How stable is the photon? [Replacement]

Yes, the photon. While a nonzero photon mass has been under experimental and theoretical study for years, the possible implication of a finite photon lifetime lacks discussion. The tight experimental upper bound of the photon mass restricts the kinematically allowed final states of photon decay to the lightest neutrino and/or particles beyond the Standard Model. We discuss the modifications of the well-measured cosmic microwave background spectrum of free streaming photons due to photon mass and lifetime and obtain model-independent constraints on both parameters—most importantly a lower direct bound of 3 yr on the photon lifetime, should the photon mass be at its conservative upper limit. In that case, the lifetime of microwave photons will be time-dilated by a factor order 10^(15).

How stable is the photon? [Cross-Listing]

Yes, the photon. While a nonzero photon mass has been under experimental and theoretical study for years, the possible implication of a finite photon lifetime lacks discussion. The tight experimental upper bound of the photon mass restricts the kinematically allowed final states of photon decay to the lightest neutrino and/or particles beyond the Standard Model. We discuss the modifications of the well-measured cosmic microwave background spectrum of free streaming photons due to photon mass and lifetime and obtain model-independent constraints on both parameters—most importantly a lower direct bound of 3 yrs on the photon lifetime, should the photon mass be at its conservative upper limit.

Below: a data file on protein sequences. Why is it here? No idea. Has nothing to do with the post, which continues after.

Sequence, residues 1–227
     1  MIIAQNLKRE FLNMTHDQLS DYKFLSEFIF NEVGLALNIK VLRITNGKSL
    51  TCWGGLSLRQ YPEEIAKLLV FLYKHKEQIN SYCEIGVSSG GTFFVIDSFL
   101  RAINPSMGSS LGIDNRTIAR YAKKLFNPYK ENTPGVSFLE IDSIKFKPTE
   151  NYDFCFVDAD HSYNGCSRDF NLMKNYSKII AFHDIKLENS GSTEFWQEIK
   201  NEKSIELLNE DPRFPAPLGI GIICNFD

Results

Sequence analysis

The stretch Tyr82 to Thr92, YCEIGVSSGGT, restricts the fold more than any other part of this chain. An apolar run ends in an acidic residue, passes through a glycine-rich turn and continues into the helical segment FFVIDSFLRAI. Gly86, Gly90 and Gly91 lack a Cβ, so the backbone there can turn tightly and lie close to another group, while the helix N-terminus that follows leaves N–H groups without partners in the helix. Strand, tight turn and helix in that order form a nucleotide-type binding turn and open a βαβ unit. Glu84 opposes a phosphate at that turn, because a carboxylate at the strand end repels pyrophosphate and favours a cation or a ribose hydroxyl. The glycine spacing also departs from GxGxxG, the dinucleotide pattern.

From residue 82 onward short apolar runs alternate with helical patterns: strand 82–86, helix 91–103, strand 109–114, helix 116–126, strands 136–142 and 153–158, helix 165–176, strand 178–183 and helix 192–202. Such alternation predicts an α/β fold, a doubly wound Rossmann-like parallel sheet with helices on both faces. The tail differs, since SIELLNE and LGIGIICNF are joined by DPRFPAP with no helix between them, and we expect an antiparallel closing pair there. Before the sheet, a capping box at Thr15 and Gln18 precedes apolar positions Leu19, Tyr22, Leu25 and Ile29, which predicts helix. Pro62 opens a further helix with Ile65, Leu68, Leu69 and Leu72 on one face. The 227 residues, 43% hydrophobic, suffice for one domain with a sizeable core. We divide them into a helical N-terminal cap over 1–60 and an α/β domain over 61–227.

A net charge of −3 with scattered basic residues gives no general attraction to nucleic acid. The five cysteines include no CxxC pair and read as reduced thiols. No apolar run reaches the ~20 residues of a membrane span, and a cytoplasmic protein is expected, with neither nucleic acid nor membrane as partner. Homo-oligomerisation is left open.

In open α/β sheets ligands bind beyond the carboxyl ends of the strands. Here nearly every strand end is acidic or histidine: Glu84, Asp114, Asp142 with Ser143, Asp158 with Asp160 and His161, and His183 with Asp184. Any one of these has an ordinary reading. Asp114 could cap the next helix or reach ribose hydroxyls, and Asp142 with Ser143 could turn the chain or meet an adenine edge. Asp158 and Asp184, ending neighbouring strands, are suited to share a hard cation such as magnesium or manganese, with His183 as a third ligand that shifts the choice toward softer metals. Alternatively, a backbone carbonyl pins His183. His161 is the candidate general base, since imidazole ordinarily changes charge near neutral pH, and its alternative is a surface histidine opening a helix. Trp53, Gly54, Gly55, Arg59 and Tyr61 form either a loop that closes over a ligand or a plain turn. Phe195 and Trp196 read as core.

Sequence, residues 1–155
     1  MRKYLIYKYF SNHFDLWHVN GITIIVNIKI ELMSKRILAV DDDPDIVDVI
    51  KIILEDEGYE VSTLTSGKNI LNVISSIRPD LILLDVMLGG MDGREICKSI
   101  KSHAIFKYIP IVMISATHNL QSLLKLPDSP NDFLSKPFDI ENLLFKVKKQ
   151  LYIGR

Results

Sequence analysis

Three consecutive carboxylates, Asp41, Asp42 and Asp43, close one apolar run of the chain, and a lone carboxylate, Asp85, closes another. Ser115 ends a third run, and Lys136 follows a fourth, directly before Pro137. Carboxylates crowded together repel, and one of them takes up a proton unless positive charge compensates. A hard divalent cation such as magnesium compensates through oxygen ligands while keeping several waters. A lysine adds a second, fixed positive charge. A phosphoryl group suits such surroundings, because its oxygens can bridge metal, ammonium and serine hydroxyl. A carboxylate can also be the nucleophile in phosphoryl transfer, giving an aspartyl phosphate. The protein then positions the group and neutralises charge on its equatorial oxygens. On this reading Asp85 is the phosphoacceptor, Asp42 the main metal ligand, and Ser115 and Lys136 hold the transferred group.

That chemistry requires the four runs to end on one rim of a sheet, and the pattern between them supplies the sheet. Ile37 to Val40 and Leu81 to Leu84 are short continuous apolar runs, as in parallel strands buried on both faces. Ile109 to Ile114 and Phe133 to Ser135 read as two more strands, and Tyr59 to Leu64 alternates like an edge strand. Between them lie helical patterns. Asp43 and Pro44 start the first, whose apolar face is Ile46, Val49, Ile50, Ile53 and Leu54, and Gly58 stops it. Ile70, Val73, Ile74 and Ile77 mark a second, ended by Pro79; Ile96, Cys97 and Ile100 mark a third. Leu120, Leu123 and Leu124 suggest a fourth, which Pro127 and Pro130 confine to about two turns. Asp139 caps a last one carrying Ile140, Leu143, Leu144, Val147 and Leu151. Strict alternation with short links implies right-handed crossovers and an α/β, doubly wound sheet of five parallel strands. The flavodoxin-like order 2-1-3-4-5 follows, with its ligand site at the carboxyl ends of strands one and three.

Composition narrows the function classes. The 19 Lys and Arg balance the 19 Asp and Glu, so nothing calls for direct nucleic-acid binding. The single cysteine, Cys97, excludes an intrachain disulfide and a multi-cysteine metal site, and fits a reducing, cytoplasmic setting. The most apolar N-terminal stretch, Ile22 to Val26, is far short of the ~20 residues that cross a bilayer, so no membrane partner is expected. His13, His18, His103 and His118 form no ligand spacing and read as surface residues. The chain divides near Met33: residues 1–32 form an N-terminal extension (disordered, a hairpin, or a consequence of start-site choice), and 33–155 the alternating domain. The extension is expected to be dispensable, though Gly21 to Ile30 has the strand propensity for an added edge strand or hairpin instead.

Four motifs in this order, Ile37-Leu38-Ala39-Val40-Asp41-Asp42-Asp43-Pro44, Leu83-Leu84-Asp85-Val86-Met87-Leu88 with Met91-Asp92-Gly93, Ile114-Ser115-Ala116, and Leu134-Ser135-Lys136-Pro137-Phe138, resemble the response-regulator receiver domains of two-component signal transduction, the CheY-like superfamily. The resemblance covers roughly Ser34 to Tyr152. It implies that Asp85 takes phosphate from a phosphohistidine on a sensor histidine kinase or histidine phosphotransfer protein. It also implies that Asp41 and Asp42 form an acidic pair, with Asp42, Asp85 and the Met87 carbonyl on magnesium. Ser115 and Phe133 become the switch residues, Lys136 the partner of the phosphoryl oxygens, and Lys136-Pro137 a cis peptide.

Planck 2013 results. XXII. Constraints on inflation

We analyse the implications of the Planck data for cosmic inflation. The Planck nominal mission temperature anisotropy measurements, combined with the WMAP large-angle polarization, constrain the scalar spectral index to n_s = 0.960 pm 0.0073, ruling out exact scale invariance at over 5 sigma. Planck establishes an upper bound on the tensor-to-scalar ratio at r < 0.11 (95% CL). Planck data shrink the space of allowed standard inflationary models, preferring potentials with V” < 0. Exponential potential models, the simplest hybrid inflationary models, and monomial potential models of degree n > 2 do not provide a good fit to the data. Planck does not find any statistically significant running of the scalar spectral index, obtaining d n_s/d ln k = -0.0134 pm 0.0090. Several analyses dropping the slow-roll approximation are carried out, including detailed model comparison and inflationary potential reconstruction. We investigate whether the primordial power spectrum contains any features. A penalized likelihood approach suggests a feature near the smallest scales probed by Planck at an estimated significance of ~3 sigma after correction for the look elsewhere effect. Models with a parameterized oscillatory feature can improve the fit chi^2 by ~ 10; however, Bayesian evidence does not prefer these models. We constrain several single-field inflation models with generalized Lagrangians by combining power spectrum data with bounds on f_NL measured by Planck. The fractional primordial contribution of CDM isocurvature modes in the curvaton and axion scenarios has upper bounds of 0.25% or 3.9% (95% CL), respectively. In models with arbitrarily correlated CDM or neutrino isocurvature modes, an anticorrelation can improve chi^2 by ~4 due to a moderate tension between l < 40 and higher multipoles. Nonetheless, the data are consistent with adiabatic initial conditions.